OLYMPIA - Dozens of people stood in Sunrise Park holding leashes. But they weren't attached to anything.
Instead, their dogs were running free in Thurston County’s first off-leash dog park, which opened to applause and barking Friday afternoon.
About 50 dogs ran around the park, at 505 Bing St. N.W., which is separated into fenced areas for big dogs, and small or shy dogs. The dogs got into minor skirmishes – barking, mostly – early on to establish a pecking order but calmed down and were peaceful thereafter.
Olympia budgeted $80,000 to build the dog area, about 1 acre on a gentle slope that includes trees and a walking path. It is entered through two gates. Dog owners enter one gate with their dogs; they can’t enter the next gate unless the first one is closed. That keeps dogs from escaping.
“It’s really fabulous,” said Elisa Lyles of Olympia, who brought her dog, Keiko, to the park. “It’s a beautiful landscape, not just flat and bland, but it’s built for the people, too.”
There’s a water supply for humans and canines, and bags for picking up doggie waste.
The park has been long-sought dream for Lynn Scroggins of Sound Hounds, a group that began pushing for local dog parks about five years ago. The city created a feasibility study in 2006 that suggested adding two dog parks. It sat on a shelf for years because the parks were not a priority for funding.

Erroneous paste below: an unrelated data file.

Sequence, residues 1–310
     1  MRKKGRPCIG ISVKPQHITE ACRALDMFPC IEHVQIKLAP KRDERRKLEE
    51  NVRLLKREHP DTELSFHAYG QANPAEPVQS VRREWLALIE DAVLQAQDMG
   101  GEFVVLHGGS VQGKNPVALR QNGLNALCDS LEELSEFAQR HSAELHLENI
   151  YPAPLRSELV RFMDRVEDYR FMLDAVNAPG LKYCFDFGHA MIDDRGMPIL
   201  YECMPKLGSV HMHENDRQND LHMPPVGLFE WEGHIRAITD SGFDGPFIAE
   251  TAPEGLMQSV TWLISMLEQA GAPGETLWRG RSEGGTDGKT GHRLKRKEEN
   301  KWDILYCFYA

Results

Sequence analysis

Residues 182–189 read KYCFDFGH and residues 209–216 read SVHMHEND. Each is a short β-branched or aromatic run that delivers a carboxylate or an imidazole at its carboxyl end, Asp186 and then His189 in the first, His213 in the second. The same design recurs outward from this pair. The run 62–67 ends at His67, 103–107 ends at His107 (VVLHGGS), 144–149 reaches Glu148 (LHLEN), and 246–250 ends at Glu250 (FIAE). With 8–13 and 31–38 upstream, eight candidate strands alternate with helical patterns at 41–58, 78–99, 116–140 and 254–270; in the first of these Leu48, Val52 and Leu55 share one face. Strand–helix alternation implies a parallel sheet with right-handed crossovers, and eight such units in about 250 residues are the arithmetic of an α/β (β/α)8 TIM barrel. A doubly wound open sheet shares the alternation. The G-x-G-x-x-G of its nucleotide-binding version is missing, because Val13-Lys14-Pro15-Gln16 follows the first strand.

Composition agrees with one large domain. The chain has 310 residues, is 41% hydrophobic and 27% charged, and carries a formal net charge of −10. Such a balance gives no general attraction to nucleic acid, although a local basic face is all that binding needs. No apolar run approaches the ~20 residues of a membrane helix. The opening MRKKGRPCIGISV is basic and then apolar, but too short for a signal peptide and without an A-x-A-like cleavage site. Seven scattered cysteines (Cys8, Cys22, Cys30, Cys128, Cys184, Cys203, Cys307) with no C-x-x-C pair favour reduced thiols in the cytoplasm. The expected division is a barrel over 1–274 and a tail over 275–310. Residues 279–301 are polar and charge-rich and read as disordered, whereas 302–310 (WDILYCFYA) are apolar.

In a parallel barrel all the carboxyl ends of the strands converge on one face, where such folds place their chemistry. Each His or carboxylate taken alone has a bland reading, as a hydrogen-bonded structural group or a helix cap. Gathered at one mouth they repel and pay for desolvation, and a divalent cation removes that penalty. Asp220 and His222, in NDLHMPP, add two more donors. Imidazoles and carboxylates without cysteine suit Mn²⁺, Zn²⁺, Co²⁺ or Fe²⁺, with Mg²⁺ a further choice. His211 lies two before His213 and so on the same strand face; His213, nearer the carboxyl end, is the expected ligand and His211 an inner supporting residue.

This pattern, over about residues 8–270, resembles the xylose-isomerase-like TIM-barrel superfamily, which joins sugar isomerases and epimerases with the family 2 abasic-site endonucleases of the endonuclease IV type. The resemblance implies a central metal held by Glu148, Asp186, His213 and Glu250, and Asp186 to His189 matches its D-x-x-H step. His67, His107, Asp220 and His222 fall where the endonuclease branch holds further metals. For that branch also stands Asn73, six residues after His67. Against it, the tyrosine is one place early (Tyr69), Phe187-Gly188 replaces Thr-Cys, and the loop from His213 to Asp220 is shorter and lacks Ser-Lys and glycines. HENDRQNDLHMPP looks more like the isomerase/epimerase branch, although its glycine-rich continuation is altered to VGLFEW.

“When we discovered dog parks and then we discovered there weren’t any dog parks (here), I just knew that if you wanted to make something happen, you needed to organize,” Scroggins said.
City Councilwoman Rhenda Strub made the park a priority before she was elected in 2008. Building the park was put on the council’s top-priority list in 2009, and the city ceremonially broke ground on it last October.
“When I ran for election, I said I wanted to do three big things and one little thing,” she said. She wanted to pursue downtown housing, a new City Hall and a new fire station. The dog park took the longest, she said.
Thurston County plans to open the county’s second dog park Oct. 29, said Linda Oestreich, director of Olympia’s parks department. The park will occupy about 5 acres of the old dump off Hogum Bay Road.
Dog park supporters say the park has several benefits – for humans and dogs.
The park socializes dogs. That makes them less likely to be frightened when confronted with an unfamiliar situation, said Susanne Beauregard, director of Thurston County Animal Services.
“Socialized dogs are good for this community,” she said.
Scroggins said it’s a great place for people to socialize, too. She said the City of Sequim claims two marriages sprung from its park.
“It’s cool,” said Chuck Springer of Lacey, who accompanied Sheila and their two dogs, Dutchess and Naku. “It was a long time coming.”
Matt Batcheldor: 360-704-6869 firstname.lastname@example.org